By Tom Baxter
Last week the Trump administration did something right. You may very well have missed this.
In a press conference Thursday, Attorney General Jeff Sessions and Health and Human Services Secretary Tom Price announced that the government has charged 415 defendants, including 115 medical professionals, for about $1.3 billion in false billings to government healthcare programs. More than 120 of the defendants were charged with prescribing and distributing opioids and other narcotics.
“In some cases, we had addicts packed into standing-room-only waiting rooms, waiting for those prescriptions… Some doctors wrote out more prescriptions for controlled substances in one month than entire hospitals were writing,” acting FBI director Andrew McCabe said of the cases investigated in the crackdown.
Sessions promised there would be more prosecutions in the fight against opioid abuse, and called for an overall reduction in the prescription of opioids by doctors.
A skeptic might want to know what kind of fraud the majority of defendants who weren’t involved in opioid abuse were practicing, and how that $1.3 billion broke down among the different kinds of fraud cases. None of this was discussed at the press conference. You’d like to know how much more fraud there is out there, how much of it comes from straight-out pill mills and how much fits seamlessly into the healthcare system. It’s worth noting also that the Medicare Fraud Strike Force, which brought these prosecutions, prosecuted 301 people and uncovered $900 million in fraud the previous year.
Speaking only of political messaging, however, this should have been a slam dunk for this administration, which has never hesitated to take credit for programs it inherited. This was a much better news peg than the me-too panel appointed to study the opioid crisis, headed by New Jersey Gov. Chris Christie. This was real action the administration could point to.
The crackdown speaks in a direct way to two of the defining issues of Trump Country: The opioid crisis, which has transformed much of rural, white America into something like 19th-Century China, and the increasing cost and scarcity of healthcare in these areas. It speaks to another, less frequently articulated issue as well: a more global distrust of the nation’s medical establishment which among some is as deep the distrust for the political establishment. Looking at local stories from around the country, the indictments include a lot of names that sound Asian, Middle Eastern or African, which for this administration would only have enhanced its promotional value.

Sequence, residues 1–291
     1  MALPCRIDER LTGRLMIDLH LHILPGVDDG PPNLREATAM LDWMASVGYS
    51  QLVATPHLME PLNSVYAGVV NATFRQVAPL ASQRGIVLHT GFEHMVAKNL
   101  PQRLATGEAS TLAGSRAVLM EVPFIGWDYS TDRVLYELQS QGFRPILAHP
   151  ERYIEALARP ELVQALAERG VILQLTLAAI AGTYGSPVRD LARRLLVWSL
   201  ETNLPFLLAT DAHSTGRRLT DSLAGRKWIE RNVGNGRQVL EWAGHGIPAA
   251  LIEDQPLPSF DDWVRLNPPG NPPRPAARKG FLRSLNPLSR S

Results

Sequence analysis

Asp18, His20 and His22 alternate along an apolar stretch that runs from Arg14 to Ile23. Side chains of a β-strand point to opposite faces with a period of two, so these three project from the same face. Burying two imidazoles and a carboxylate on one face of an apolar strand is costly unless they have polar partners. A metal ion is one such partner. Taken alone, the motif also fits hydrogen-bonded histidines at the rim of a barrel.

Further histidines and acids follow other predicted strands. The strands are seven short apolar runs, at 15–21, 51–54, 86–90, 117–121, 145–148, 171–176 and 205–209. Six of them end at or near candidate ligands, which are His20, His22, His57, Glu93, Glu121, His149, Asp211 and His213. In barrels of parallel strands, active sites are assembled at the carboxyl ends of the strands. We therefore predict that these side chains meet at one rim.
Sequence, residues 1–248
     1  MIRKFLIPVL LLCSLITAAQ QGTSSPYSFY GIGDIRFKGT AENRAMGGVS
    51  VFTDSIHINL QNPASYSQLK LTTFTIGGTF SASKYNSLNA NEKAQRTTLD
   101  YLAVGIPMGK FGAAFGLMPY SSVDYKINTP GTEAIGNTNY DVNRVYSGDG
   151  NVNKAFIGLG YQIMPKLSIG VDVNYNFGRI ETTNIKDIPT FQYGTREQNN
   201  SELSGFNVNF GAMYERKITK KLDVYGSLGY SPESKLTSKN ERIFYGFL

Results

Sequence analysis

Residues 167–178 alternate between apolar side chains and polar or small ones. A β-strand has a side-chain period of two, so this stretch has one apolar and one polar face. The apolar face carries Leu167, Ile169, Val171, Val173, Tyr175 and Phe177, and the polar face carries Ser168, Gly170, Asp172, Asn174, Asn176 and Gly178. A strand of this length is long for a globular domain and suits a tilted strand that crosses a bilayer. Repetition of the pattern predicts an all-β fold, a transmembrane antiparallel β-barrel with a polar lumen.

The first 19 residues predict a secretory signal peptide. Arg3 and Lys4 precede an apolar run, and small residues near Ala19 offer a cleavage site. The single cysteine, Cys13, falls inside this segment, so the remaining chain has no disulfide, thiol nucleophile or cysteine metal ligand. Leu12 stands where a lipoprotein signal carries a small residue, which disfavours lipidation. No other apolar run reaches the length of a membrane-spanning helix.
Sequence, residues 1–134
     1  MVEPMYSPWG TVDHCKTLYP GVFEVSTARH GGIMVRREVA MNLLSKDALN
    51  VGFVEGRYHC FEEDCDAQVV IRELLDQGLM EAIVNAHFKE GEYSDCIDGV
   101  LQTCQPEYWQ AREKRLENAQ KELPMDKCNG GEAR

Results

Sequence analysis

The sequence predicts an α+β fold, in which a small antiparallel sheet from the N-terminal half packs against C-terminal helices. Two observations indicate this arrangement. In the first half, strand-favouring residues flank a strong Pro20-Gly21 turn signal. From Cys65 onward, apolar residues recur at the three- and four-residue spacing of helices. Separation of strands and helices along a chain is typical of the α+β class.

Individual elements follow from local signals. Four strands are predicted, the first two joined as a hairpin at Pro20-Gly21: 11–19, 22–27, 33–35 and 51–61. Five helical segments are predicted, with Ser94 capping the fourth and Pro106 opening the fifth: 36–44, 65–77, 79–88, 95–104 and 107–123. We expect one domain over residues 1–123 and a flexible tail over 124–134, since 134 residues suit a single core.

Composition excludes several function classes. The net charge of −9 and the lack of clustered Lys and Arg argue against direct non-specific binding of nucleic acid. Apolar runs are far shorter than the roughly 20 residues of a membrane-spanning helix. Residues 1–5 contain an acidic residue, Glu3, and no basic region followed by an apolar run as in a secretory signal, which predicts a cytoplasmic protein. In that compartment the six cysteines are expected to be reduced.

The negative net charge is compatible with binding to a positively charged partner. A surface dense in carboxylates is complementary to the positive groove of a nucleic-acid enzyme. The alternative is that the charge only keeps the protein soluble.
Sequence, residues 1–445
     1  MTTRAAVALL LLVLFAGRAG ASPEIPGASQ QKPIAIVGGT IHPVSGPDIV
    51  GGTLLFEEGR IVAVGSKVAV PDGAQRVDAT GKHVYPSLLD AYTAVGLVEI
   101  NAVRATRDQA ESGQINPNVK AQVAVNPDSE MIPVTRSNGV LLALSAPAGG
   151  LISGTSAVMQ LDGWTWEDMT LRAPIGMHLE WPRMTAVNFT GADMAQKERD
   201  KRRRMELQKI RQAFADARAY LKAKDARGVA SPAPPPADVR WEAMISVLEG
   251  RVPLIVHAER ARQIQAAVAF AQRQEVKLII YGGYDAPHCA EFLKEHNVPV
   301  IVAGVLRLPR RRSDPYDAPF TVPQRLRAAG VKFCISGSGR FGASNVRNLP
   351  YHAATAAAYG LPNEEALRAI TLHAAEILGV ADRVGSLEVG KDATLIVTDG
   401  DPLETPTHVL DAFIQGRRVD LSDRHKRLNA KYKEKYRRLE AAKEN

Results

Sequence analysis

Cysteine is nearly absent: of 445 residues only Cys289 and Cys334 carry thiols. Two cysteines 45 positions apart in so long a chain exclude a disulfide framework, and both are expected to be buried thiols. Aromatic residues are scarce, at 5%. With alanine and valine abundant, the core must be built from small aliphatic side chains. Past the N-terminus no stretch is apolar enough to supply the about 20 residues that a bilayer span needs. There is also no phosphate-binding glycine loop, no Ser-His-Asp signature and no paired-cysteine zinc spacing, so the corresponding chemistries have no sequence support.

Yet for all that, this story didn’t get a lot of bounce. Blame the lamestream media for the lack of interest if you wish, but the press conference got a lot of next-day coverage in major papers and on the network shows. It was that other media that ignored it, and therefore the story didn’t get any traction.
By the one standard that matters in this administration, the crackdown fell far short of the U.S. Women’s Open golf tournament. It didn’t get a presidential tweet. The White House press operation, which rolls out new “themes” at the rate of a few a week, paid the crackdown scant attention.
President Trump is reported to be still miffed at Sessions for his decision to recuse himself from the investigation into Russian meddling in the 2016 election, so maybe that’s why he missed the potential for this story. That would fit with the daily storyline of a White House endlessly divided against itself. The Trump campaign was highly effective in delivering a message with essentially one messenger. The Trump administration seems never to have learned how to communicate that message through a network of voices.
One reason the press conference didn’t get more notice, you may remember, is that by the next morning at least two new people were being reported to have been in the room during that June meeting involving a Russian lawyer, Donald Trump Jr., Jared Kushner and Paul Manafort. You can’t critique the administration’s messaging very much, when the message is being trampled by a stampede on a daily basis.
When questions were asked about funding for opioid treatment at the press conference last week, Price said that the administration is deeply committed to the issue. He and presidential advisor Kellyanne Conway have been out on the road together talking about the administration’s plan to combat opioid abuse, which may be a sign of White House involvement. Or, maybe not.